10. Painting and hardware omitted from this contract except nails.


  1. Porches on front north and rear of building to be constructed in a plain substantial manner, width 10 feet and height not to be less than 8 ft to the eaves; and supported by a plate (5” by 8”) and (5”) square chamfered posts. Open timber construction projecting rafters of not less than nine inches and rounded at the ends. Thus, spaces between rafter and plate to be closed with crown moulding or equivalent. Roof whether of shingles or tin to be sheathed with finished side down, of double beaded (6”) wide wainscoting.
  2. Kitchen, laundry and pump house and pantry. These under the same rear porch construction according to drawing and details written thereon, and herewith accompanying. If roof of porches is decided to be shingles, these to be the same in quality as for roof of main building. If of tin, this to be the best quality of roofing tin interlined with tar paper. Tin painted on underside before laying. Raised seams – outer surface to be painted same color as the main building roof.
  3. Water conductors and tinning. Bracketed-moulding front conductors above curve hip of roof, falling toward centre, for use of tank on third floor and rear. A similar conductor at eaves of second floor roof pitch, falling from centre to each and from which perpendicular conductors fall to porch roofs. A similar bracketed conductor on porch roofs, falling from centre to corners and thence to perpendicular conductors to the ground. Those from main roof to porch (3”) diameter, from porch to ground (3 ½ “diam). These to be galvanized iron corrugated. Pipes conducting to tanks also (3 ½ “) diameter, and overflow (4” diam) emptying on the lower pitch of main building roof. The lining of roof conductors much be carried well up under the shingles and where porch roofs join the main building (whether of shingles or tin) much be securely flashed into heavy plaster of same.


  1. Portion of roof over kitchen to be sheathed with rough boards, as ceiling of the same is to be flat.
  2. Cellar to be cemented with Rosendale cement. Excavation and drainage to be furnished by the owner.
  3. A separate estimate is asked for this portion of the work to be done.

Out Buildings

  1. Ice House and Cave Annex. These to have a new roof of good cypress shingles. Ice house to be divided by a floor, at level of sill of door, to be used as a work shop. Side facing road to be pierced for two windows, using window and shutters taken from rear of main building. South side to have one window using second hand sash now on hand. This is to be fitted with plain solid shutter. A trap door to be made in the southeast corner, and old steps secured to the same. Add such repairs to cave annex as may be needed.
  2. Wash house – This to be made habitable as follows. A new floor for 1st story so to give a 7 foot ceiling if possible. Flooring to be either hemlock or No. 3 Y.P. of ordinary widths. Building to be weatherboarded on outside, over the old upright siding, repairing with old material where required. For entrance, used the old front door taken from main building. Place one window on same side as the entrance and two on opposite side using the best of old sash on the premises. Inside walls of 1st story to be lined with such old material as may be available or with hemlock boards surface on one side. Make a winding stair case in the south end corner to the loft story. Place windows on each side and one on north end.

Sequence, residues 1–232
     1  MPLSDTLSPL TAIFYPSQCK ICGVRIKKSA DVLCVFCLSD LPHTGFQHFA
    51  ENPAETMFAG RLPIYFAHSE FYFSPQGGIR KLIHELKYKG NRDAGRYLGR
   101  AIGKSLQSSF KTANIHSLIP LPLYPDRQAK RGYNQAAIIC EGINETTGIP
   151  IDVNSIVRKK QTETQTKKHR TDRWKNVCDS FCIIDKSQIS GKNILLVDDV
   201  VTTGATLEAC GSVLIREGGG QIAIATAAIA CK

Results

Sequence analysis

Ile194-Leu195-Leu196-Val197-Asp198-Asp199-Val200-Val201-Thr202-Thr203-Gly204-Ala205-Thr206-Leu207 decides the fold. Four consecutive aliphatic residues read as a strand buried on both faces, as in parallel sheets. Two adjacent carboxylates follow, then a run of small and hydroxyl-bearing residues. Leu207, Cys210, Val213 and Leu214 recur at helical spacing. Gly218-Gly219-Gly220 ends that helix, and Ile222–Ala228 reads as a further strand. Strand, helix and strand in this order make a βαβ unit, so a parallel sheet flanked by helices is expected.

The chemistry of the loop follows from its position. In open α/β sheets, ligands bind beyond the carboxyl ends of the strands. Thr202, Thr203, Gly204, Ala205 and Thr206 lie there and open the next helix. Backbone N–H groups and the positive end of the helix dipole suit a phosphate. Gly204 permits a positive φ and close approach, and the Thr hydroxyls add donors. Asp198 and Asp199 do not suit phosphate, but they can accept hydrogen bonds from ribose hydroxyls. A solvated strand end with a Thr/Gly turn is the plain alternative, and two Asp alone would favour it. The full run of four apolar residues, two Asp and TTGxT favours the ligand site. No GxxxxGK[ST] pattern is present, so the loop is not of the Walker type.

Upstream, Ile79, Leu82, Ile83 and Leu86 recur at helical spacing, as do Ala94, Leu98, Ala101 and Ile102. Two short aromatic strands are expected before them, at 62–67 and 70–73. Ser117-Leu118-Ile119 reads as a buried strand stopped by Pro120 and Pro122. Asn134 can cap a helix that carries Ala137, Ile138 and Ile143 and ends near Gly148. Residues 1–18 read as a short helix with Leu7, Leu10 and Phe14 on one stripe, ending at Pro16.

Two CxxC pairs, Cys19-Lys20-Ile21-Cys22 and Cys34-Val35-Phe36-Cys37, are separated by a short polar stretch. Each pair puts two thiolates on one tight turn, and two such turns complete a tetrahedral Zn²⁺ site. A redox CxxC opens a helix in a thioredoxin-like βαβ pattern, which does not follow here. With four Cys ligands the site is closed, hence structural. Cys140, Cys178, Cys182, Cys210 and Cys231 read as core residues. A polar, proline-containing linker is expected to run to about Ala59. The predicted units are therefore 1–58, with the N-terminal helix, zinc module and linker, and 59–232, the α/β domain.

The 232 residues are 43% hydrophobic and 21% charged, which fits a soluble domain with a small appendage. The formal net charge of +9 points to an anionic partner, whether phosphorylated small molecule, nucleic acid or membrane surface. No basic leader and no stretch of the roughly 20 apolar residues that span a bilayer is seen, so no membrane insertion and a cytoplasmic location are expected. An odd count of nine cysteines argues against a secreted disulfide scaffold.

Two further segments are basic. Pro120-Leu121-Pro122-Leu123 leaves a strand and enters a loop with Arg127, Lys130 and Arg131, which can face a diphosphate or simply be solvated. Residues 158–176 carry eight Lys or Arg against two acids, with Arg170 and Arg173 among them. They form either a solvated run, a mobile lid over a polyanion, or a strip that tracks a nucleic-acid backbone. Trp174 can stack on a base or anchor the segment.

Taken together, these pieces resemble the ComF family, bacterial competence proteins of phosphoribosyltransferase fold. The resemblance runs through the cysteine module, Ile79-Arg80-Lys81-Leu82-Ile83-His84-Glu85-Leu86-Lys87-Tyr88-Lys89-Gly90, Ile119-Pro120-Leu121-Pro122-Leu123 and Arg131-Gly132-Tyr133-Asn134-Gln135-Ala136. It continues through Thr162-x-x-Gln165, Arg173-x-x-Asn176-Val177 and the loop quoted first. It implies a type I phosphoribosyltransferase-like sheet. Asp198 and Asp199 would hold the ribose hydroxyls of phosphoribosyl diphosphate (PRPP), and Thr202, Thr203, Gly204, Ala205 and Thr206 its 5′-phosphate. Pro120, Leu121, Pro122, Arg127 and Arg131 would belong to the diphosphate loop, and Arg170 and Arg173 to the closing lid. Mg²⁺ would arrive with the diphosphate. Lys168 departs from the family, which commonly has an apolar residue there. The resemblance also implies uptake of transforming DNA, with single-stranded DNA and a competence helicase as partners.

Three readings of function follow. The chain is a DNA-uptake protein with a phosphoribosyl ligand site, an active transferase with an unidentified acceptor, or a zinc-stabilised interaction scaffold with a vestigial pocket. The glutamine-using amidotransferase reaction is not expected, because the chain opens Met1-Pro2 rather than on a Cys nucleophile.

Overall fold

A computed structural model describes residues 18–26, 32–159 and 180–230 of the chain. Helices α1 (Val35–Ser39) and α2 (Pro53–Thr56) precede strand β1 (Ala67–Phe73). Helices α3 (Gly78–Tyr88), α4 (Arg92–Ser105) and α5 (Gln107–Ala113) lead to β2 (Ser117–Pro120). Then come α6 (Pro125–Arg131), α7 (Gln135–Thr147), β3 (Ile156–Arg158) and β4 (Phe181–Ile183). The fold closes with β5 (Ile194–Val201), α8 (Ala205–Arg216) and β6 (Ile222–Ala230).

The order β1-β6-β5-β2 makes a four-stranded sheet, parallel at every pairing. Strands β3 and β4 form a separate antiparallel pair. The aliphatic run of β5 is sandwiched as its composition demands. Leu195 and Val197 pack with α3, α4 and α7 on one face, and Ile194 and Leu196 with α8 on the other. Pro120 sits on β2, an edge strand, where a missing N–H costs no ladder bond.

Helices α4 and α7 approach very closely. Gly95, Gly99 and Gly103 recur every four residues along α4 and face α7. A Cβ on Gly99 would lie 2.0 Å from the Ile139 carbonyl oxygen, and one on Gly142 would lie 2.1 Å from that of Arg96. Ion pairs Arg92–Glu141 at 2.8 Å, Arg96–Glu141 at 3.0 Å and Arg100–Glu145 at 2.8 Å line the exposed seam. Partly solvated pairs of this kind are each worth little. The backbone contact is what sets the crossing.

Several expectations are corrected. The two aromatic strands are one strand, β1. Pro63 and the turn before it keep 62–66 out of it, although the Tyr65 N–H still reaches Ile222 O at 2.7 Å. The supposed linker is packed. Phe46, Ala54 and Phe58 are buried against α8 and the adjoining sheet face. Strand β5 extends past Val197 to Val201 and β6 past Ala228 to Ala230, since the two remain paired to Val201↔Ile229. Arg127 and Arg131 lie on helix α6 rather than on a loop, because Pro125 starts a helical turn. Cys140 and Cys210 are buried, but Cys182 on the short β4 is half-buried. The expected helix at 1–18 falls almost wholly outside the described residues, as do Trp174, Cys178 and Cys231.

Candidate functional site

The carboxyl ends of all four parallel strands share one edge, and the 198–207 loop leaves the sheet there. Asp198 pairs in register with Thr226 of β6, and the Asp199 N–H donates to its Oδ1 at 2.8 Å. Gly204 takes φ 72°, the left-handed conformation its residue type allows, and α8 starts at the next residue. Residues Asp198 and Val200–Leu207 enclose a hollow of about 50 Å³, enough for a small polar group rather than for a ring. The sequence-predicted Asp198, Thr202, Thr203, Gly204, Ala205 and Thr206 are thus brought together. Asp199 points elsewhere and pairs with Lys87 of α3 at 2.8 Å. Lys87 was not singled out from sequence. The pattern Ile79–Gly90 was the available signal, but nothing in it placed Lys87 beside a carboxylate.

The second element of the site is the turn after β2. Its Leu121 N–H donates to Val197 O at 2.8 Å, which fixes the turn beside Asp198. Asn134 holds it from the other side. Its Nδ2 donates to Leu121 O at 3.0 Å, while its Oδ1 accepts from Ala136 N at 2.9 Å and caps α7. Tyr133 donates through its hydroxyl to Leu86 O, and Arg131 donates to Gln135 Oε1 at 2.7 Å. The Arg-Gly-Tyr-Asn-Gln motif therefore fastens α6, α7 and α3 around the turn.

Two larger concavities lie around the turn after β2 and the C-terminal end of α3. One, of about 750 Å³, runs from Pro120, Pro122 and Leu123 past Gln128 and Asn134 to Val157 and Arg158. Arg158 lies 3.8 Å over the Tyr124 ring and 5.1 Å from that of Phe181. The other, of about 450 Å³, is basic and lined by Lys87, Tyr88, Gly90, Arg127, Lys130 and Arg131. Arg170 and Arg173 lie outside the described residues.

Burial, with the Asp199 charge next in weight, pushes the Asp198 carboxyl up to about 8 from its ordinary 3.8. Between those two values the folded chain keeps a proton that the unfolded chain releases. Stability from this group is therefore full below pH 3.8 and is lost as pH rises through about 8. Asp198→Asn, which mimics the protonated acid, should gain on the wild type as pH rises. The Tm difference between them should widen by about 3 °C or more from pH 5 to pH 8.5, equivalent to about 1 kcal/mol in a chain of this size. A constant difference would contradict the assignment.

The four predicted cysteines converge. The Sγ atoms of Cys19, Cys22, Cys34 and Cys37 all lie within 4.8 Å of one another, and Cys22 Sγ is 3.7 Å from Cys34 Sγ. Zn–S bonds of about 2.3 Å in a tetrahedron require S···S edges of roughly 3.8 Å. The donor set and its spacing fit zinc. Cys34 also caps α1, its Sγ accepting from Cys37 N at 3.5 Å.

The new roof for wash house was accidentally omitted.

Note 1. All old material furnished or that may be available on the premises is desired to be made use of. All new material and labor to be furnished by the contractor.

Note 2. A separate statement is desired for work to be done on the outbuildings.

General Remarks: All work to be guaranteed to be done in a substantial and workman-like manner, with efficient and skilled labor, and all as detailed and specified herein, and in full accordance with such plans, details and measurements as furnished thereon. No extras, additions or omissions to be allowed except by mutual consent in writing or by witness.

The “playhouse” prior to its move from the Broadview Mansion to the Neebor Lee house.

Charles Jr. wasn’t yet done with the transformation, however. A playhouse that was constructed on the grounds of the Broadview Mansion for his and his brother’s use when they were children would be lifted off its foundation and transported to the Neebor Lee property, where it would placed adjacent to the Neebor Lee house in the location of a carriage house, which itself would be lifted from its foundation and moved to another location on the property.  The children’s playhouse would be placed up against the rear wall of the workshop above the ice house.  Charles Jr. would use this playhouse later in his adulthood as a meeting hall for the Free Masons. Hence, we now call this building the “Mason Lodge” or “Lodge”.

The “Lodge” in the process of being lifted off its foundation to be move to the Neebor Lee house, which resides in the background of this photo.

We have hypothesized  that this was the time in the history of the house when it was given its name, Neebor Lee, which means “friendly meadow”.  We have no records to verify this, but it would seem to make sense that with all the other Gumbes mansion’s having names, this transformed farmhouse would have been given one by Charles Gumbes Jr. at the time of its transformation.

Of the four Gumbes mansions, only two remain standing today. The original mansion, Oakland Hall, was lost many years ago.  The property upon which it once stood is now a part of a large commercial complex consisting of hotels, professional buildings, restaurants and a Target Store. Broadview would be used as a summer residence by Francis Macomb Gumbes, who maintained a permanent home in Philadelphia, through 1941, after which it was largely neglected. After being subjected to looting, vandalism, and squatting, the Broadview Mansion would eventually be forclosed upon due to unpaid taxes in 1951 and subsequently sold to the local fire department for one dollar. Local residents have recently reminisced on Facebook about this mansion’s position in township lore as an abandoned haunted house and teenager hangout. It also had became a subject of a State Supreme Court battle in 1957 between the Gumbes family and the fire department, and in an ironic twist of fate, was burned down by that same fire department in 1962 at the request of the Gumbes family after the family had won back the title to the land.

Thus, the only two remaining Gumbes mansions are the Neebor Lee and Rose Lawn.